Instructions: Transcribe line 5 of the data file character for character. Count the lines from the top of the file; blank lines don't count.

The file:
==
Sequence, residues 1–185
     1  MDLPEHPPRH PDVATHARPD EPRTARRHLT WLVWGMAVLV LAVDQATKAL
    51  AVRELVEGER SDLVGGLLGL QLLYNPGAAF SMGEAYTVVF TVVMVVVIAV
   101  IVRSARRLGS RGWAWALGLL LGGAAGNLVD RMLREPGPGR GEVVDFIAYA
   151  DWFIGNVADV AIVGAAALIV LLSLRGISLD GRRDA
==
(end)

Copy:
   151  DWFIGNVADV AIVGAAALIV LLSLRGISLD GRRDA